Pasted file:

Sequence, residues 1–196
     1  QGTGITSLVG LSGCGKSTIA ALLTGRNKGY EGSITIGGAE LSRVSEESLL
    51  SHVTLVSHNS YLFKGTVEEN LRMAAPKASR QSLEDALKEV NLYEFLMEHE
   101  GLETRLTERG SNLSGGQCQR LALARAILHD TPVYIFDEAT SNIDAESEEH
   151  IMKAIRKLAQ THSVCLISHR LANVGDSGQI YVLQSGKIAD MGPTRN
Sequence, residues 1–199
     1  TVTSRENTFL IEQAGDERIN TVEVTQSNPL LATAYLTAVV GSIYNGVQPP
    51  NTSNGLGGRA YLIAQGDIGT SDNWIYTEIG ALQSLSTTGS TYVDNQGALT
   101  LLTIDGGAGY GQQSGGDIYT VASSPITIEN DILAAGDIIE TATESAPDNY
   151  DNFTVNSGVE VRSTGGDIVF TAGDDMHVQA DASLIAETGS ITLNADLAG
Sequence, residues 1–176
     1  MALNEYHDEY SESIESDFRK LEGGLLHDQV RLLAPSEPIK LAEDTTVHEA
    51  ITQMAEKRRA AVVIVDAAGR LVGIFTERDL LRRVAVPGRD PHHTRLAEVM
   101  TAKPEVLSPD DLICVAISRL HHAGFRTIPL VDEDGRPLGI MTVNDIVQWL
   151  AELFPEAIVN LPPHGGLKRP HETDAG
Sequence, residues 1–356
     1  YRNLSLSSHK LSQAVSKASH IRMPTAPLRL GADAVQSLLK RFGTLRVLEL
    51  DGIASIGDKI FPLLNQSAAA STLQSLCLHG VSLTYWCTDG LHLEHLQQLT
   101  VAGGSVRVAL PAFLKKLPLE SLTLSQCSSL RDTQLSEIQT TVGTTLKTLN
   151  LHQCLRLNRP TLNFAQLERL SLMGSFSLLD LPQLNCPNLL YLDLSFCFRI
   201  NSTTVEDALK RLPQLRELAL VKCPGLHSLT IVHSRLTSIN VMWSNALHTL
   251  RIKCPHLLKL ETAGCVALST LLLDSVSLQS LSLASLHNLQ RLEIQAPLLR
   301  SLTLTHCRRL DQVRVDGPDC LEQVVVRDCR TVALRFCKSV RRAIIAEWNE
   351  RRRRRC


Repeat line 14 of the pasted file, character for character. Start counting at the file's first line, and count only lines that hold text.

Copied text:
   101  TAKPEVLSPD DLICVAISRL HHAGFRTIPL VDEDGRPLGI MTVNDIVQWL